verb (used with object), snaf·fled, snaf·fling.
Origin of snaffle1
verb (used with object), snaf·fled, snaf·fling. British Informal.
Origin of snaffle2
Examples from the Web for snaffle
Historical Examples of snaffle
He rattled the snaffle in his mouth with nervous indecision—he had a notion to try it.Thoroughbreds
W. A. Fraser
Only don't you go a-pullin' at her, ride her in the snaffle, and as light as you can.That Boy Of Norcott's
Charles James Lever
That girl, madam, needs the curb, and you have been guiding her with the snaffle.'Hildegarde's Holiday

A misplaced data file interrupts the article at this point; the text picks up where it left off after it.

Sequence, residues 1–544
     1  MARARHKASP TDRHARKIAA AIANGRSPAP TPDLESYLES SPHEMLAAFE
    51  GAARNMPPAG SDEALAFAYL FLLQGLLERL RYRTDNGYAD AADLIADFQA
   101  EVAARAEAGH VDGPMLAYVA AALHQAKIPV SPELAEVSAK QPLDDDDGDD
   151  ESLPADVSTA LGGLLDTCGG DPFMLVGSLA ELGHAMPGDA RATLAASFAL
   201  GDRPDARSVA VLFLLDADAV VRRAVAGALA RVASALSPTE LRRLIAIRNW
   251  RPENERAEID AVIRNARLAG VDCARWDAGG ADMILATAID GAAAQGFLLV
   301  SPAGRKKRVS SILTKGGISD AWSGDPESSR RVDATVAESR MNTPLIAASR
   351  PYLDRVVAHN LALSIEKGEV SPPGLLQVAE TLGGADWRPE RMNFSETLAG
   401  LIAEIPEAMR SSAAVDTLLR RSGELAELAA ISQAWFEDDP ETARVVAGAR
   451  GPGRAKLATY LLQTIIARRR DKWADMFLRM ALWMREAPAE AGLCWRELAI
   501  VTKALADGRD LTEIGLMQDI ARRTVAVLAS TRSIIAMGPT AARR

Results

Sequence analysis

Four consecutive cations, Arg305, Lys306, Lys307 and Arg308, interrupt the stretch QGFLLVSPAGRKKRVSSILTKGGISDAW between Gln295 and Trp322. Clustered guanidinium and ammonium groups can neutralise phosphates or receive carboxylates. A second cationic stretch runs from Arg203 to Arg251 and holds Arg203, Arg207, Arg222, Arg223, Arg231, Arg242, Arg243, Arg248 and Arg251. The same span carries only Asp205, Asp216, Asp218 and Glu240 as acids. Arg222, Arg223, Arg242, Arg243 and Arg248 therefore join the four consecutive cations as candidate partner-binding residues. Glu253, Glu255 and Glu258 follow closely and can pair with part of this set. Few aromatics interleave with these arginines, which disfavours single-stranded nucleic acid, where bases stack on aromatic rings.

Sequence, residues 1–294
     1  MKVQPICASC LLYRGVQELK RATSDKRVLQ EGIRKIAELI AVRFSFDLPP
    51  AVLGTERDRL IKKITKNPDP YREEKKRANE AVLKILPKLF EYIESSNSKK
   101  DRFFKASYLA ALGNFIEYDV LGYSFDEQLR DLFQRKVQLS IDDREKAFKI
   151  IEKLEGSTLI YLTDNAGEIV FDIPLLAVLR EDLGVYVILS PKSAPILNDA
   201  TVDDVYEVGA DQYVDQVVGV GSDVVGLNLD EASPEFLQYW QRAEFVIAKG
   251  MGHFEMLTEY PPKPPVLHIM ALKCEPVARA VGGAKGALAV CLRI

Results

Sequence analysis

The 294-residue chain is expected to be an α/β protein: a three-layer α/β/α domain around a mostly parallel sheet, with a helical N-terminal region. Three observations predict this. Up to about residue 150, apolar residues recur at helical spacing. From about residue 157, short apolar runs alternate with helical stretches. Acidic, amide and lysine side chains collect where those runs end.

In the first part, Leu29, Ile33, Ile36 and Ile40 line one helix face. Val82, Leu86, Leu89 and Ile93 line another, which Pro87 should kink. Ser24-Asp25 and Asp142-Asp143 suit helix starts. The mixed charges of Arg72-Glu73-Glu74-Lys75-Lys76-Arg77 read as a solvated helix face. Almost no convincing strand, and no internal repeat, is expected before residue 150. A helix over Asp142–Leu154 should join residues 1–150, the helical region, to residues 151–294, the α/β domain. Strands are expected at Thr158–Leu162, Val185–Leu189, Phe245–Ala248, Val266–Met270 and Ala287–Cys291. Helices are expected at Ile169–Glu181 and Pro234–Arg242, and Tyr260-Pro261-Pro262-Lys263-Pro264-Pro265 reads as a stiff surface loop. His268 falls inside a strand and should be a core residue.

Laura E. Richards
The horse must be ridden in a snaffle, as young Flixton could tell you.
It may be necessary for her to ride at this pace with a double bridle (curb and snaffle).The Horsewoman
Alice M. Hayes
Word Origin for snaffle
"simple bridle-bit," 1530s, of uncertain origin, perhaps from or related to Dutch snavel "beak, bill;" cf. German Schnabel "beak, face," Old English nebb, Old Norse neff "beak, nose" (see neb).